FTX's Transparency Failure: Why FICO is the Future
The bullish narrative around decentralized finance is collapsing, and it is a big opportunity for legacy incumbents.
The collapse last week of FTX caught most investors off guard. The cryptocurrency exchange was a big part of the transition to transparency in financial transactions. Its opacity ultimately led ruin.
Investors should consider buying Fair Isaac Corp. (FICO), let me explain.
Decentralized finance promised to disrupt fee-taking intermediaries. DeFi networks use a permanent cryptographic ledger called blockchain. These ledgers can’t be changed or duplicated, and offer complete transparency because participants on both sides of every transaction can see every entry. This transparency negates the need for middling guarantors. At least that is the theory.
Sam Bankman-Fried, built his early career taking advantage of DeFi network transparency. After graduating in 2014 from MIT, SBF founded Alameda Research. The quantitative trading firm began arbitraging the slight price differences between bitcoin trading in Japan versus the United States. The launch of FTX in 2019, a full cryptocurrencies derivatives exchange, underpinned by blockchain, was the next logical step.
Despite his youth, SBF took full command in negotiations with venture capital firms seeking to invest. From Sequoia and Blackrock, to Tiger Global and Softbank, investors were warned up front they should “support him and observe”, according to the New York Times. One-by-one they lined up to invest $2 billion in RTX. The Albany, Bahamas-based company was valued at $32 billion in October, even as other crypto firms began to fall fail.
FTX filed last week for bankruptcy protection. SBF, now 30, says he messed up. Insiders speculate that Alameda might have co-mingled funds with FTX. So much for transparency.
The fall of FTX is the latest blow to DeFi as an investment story.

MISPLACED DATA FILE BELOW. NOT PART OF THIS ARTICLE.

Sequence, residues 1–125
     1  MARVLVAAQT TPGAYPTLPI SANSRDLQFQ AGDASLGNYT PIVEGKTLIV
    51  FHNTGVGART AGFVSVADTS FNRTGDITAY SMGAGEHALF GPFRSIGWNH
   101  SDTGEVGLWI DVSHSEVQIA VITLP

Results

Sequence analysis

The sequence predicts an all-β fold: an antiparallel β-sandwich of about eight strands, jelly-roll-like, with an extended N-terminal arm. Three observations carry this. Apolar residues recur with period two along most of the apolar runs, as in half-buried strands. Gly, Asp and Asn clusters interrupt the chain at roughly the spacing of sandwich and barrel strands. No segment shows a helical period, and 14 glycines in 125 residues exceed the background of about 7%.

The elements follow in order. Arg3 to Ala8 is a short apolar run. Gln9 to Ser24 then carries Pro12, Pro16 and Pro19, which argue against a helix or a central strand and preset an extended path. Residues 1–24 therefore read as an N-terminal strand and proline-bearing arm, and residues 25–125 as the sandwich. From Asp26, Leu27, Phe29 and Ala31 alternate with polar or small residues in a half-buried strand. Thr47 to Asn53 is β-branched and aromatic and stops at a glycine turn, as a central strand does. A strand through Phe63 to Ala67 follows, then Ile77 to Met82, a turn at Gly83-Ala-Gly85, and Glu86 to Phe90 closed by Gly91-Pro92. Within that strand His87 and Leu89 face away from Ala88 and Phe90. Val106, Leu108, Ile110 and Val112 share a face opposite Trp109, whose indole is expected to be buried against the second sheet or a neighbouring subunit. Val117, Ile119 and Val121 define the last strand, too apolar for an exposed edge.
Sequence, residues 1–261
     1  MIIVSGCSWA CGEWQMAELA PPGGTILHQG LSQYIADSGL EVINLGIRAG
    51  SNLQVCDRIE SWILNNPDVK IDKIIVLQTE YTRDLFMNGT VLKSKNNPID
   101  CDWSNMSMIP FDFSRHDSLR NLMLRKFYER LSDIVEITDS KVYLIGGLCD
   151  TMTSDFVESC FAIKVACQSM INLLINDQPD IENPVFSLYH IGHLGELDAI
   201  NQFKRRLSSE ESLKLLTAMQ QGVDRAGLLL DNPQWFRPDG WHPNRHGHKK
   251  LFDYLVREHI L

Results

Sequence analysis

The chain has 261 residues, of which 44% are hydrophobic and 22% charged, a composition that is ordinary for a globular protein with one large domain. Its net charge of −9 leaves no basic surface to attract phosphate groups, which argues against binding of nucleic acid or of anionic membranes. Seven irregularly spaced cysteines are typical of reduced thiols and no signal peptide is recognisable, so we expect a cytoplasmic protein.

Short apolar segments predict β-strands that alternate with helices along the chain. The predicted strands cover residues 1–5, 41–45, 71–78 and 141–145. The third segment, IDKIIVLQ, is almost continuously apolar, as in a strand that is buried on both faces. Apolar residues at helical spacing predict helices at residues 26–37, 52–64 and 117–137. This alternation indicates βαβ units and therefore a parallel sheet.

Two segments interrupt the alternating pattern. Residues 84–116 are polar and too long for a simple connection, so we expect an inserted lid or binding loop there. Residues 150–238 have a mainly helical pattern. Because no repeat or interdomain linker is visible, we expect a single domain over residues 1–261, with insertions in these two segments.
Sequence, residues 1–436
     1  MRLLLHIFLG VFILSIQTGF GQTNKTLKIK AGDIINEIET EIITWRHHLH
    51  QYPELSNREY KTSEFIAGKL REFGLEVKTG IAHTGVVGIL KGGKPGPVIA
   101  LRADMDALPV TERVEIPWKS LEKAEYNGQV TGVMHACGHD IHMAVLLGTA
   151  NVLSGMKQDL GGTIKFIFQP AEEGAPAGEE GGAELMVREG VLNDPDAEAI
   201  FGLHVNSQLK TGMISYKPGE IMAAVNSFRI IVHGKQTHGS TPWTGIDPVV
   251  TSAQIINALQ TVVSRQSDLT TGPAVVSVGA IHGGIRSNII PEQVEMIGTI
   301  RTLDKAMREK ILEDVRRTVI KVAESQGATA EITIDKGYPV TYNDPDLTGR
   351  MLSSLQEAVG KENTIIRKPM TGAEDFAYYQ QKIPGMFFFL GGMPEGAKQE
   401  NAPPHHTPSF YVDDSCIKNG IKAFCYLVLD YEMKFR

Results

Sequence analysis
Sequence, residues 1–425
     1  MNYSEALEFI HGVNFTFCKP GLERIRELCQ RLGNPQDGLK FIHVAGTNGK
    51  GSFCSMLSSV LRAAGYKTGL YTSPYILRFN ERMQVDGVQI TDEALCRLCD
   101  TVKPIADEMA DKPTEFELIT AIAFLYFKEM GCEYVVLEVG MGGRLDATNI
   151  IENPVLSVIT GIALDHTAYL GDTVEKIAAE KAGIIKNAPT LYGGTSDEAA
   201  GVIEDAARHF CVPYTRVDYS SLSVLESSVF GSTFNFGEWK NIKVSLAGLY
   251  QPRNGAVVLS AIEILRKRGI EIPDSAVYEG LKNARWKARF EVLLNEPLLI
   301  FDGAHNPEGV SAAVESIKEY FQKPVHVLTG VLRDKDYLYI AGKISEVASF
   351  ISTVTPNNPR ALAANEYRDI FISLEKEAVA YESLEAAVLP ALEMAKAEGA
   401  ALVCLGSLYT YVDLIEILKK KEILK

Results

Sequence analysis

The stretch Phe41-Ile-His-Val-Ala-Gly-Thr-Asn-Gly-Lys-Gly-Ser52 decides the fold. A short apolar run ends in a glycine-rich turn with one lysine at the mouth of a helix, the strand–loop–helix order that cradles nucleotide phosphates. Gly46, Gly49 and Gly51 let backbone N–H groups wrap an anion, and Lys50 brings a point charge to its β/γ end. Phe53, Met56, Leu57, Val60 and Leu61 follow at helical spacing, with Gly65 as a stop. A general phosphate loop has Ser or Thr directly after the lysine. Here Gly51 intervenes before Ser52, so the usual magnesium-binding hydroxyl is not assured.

Two years ago, investors bought-in to the idea DeFi would quickly disrupt legacy intermediaries. DeFi pitchmen scoffed at old school businesses built to process credit card transactions, and resell insurance. Vouching for credit scores with banks was something eaten by software.
Fair Isaac and Corp. is old school. The San Jose, Calif.-based credit scoring company was founded in 1956 after Bill Fair and Earl Isaac met while studying at Stanford University. The pair had the radical idea to transform bank lending using algorithms that made sense of past consumer behavior, and predictive analytics.
Today, FICO technologies underlie 65% of all credit-card decisions. Ninety of the largest 100 U.S. credit-card issuers, and 95 of the largest 100 domestic financial institutions are clients. The company also works with 600 global insurers, and more than 400 retailers and general merchandisers.
FICO business managers have been able to consistently grow the business year after year. Sales grew from $1.29 billion in 2020, to $1.38 billion in 2022, an increase of 6.9%. The dynamism of the business is realibility.
Executives at FICO reported on Wednesday that fourth quarter revenues grew to $348.7 million, up 4.2% year-over-year. Net income in Q4 swelled 5.8%, to $90.7 million. Earnings per share jumped 18%, to $3.55, and the company provided a double digit EPS growth forecast for the next quarter.
Will Lansing, chief executive officer, said the strength of the business in the face of current macroeconomic turbulence shows resilience. He’s being modest.
Customers are locked in.
According to documents filed at the Securities and Exchange Commission, the net customer retention rate during Q4 was 107%. Platform software retention was 128%, and non-platform software retention was 100%. Despite DeFi alternatives, customers across all business segments are not leaving. They’re OK paying the fee.
Would be DeFi disruptors are imploding.
Upstart (UPST) makes artificial intelligence software used by banks and credit unions to evaluate consumer loans. The San Mateo, Calif.-based company reported last week that per share losses in Q3 missed estimates by 50%, according to data at Nasdaq.
At a price of $607.57, FICO shares trade at 27x forward earnings and 10.6x sales. The stock is up 40.1% in 2022. And it is buyable up pullbacks toward $550.